For Jimmie D. Ferguson, a helicopter at the center of a new Vietnam veterans memorial in Tonawanda symbolizes much more than the events of Jan. 19, 1972, when he and Capt. Michael E. Neufeld were shot down in it and narrowly escaped.
“My memories remember something different than what that is, and the nightmares remember something different,” he said after a dedication of the memorial Saturday. “To me, it honors the servicemen who both helped maintain and flew it, and troops on the ground that the aircraft supported.”
Ferguson drove 10 hours from his home in Bowling Green, Ky., to Tonawanda, where he was a guest of honor and greeted warmly by many of the 1,100 people in attendance on a crisp, fall day.
They traded war stories, posed for photos and shared remembrances of the divisive conflict.
“They were just thanking me for being here — for making the trip here,” Ferguson said. “I’m just thrilled to be here. It meant a lot to me to be here.”
Among those who approached Ferguson was Marie “Philly” Sdao, whose husband, Ron, an Army veteran, died in March. Ron Sdao was secretary of Chapter 77, Vietnam Veterans of America,” which built the memorial, and a member of its monument committee.
“He’d be so proud,” Philly Sadao said. “He’d say, ‘We did it, guys. We did it.’”
After his death, she purchased one of more than 500 bricks on a wall behind the helicopter to memorialize her husband’s service as a specialist 4th class in the 135th Heavy Equipment Maintenance Company.
She and Ferguson shared a tearful exchange as they each spoke of the recent death of a loved one. Ferguson’s best friend, an Army buddy named Joel Ferguson, died in October 2015.
“It gave me peace to know there are many men like him, many servicemen like him, who served their country and still are able to sit here and talk about it,” she said of Ferguson.
Ferguson had long wanted to see the Cobra attack helicopter since he discovered it was in storage at the Niagara Aerospace Museum. When the museum made a long-term loan of the Cobra to the local chapter for the memorial, he decided to make make the trip.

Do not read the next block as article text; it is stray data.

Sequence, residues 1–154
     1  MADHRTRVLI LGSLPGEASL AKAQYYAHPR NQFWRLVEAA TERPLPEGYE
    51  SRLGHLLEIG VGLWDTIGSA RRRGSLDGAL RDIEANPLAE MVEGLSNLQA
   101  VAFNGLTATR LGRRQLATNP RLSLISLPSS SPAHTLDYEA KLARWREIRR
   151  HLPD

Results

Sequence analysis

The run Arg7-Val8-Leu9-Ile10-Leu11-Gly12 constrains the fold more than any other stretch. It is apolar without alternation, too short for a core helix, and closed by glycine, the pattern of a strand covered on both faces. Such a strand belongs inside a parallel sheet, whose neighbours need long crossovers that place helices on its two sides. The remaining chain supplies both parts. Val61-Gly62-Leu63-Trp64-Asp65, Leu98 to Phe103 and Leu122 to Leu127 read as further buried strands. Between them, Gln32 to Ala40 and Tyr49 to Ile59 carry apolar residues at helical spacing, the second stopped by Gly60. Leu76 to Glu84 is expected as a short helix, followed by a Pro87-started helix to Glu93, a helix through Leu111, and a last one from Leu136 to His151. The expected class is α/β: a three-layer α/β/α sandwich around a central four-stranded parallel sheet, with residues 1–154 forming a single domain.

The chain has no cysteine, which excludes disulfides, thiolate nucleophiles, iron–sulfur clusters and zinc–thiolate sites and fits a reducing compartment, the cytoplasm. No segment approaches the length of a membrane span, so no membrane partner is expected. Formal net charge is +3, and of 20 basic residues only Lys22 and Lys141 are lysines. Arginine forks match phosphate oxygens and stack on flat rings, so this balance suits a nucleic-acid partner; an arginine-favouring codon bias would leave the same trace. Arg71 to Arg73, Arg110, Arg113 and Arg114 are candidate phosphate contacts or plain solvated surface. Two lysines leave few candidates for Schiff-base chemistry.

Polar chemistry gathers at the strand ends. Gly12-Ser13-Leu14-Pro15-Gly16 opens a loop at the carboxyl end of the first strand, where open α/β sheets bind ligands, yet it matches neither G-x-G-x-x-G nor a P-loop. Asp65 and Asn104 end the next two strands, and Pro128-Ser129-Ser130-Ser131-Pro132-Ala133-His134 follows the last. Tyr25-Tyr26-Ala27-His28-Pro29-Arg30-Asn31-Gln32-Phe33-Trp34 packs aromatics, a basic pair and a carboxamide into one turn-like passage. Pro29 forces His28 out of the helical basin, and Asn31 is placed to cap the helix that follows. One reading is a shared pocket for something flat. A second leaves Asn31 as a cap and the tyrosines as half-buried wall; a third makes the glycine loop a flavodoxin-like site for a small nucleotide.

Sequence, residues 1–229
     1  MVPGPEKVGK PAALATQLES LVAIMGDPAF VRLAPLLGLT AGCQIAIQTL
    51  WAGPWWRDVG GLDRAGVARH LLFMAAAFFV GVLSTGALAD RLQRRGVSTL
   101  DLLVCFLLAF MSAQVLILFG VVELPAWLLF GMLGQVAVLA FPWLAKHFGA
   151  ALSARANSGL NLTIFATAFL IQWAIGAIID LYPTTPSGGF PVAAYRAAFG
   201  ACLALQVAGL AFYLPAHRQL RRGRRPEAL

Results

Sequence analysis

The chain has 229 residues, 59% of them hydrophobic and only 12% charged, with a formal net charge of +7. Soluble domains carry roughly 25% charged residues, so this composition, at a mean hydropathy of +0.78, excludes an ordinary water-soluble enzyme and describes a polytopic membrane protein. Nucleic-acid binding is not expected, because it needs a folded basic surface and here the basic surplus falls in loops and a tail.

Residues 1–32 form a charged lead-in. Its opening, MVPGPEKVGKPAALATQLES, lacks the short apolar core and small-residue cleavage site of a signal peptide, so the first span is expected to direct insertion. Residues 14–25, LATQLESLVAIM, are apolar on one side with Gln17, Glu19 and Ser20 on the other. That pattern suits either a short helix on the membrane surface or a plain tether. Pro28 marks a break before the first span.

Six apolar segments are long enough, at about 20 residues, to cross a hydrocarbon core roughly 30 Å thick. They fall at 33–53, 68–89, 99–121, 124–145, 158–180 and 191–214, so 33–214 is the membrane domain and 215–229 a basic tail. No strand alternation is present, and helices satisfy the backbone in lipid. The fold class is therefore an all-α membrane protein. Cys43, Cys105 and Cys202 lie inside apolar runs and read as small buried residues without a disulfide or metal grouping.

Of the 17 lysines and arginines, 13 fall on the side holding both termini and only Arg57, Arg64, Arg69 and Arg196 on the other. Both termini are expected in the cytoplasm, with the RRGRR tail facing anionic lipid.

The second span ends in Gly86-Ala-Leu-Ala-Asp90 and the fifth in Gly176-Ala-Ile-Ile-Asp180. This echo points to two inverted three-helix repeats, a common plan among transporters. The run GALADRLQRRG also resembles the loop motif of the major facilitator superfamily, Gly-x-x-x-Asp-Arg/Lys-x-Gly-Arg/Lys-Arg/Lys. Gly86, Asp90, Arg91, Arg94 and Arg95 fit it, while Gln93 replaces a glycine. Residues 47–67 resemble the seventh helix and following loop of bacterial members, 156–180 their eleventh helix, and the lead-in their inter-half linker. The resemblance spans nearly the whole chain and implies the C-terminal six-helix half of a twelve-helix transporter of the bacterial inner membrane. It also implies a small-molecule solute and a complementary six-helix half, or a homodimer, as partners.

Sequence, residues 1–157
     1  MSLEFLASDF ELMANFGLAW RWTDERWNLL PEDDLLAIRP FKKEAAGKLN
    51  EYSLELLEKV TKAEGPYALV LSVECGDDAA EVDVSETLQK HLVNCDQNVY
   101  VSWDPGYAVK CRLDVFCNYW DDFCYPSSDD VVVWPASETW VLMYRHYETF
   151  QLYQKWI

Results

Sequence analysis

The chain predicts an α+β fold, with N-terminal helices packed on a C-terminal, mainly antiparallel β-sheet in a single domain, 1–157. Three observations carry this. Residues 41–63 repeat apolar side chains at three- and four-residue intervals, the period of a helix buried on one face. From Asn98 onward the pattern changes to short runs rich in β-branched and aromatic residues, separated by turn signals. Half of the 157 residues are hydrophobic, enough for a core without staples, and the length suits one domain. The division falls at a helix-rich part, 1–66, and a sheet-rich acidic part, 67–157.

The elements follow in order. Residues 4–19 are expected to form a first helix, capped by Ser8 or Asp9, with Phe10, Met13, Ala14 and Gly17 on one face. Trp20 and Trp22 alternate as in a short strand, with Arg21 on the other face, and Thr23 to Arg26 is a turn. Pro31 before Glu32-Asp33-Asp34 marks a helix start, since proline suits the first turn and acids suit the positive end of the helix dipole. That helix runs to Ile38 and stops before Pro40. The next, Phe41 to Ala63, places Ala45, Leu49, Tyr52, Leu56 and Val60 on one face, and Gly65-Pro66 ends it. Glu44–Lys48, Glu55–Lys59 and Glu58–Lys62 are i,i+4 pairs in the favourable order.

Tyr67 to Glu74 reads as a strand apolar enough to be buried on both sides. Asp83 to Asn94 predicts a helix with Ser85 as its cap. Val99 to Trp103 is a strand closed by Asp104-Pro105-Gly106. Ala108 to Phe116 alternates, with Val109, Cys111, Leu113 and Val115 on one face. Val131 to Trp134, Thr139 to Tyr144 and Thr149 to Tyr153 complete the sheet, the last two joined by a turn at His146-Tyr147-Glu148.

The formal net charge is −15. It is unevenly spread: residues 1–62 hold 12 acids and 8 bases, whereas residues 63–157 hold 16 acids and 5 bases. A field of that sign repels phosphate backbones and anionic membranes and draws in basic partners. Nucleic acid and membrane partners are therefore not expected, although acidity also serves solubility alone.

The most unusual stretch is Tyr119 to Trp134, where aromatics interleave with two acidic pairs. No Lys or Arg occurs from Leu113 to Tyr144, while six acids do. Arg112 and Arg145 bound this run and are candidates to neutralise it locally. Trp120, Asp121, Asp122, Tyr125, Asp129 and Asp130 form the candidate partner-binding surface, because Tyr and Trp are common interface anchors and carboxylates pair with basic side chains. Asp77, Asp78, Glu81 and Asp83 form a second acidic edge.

Ferguson said he was “surprised” at the reception he got Saturday because, “People didn’t think much of Vietnam veterans.” He said he is glad to see Iraq and Afghanistan veterans today have not been treated the same way.
It was a point reinforced by State Sen. Robert G. Ortt, a veteran of the war in Afghanistan, who said he and other recent veterans owe Vietnam veterans a debt of gratitude for the applause, cheering crowds and services available when they return home today.
“None of that was there when you came back,” Ortt, R-North Tonawanda, told the crowd of mostly Vietnam veterans. “And, most importantly, the warm welcome wasn’t there when you came back.”
Veterans advocate Patrick Welch said the Cobra was a “lifesaver” to infantry when they needed air support.
“The bravery of those pilots who made strafing runs through direct ground fire time and time again, firing their rockets and their nose gun, was an incredible sight to watch,” he said.
He recounted Ferguson’s story of Jan. 19, 1972, concluding that, “Many of us are here today are alive because of heroes like Jimmie Ferguson and Capt. Neufeld.”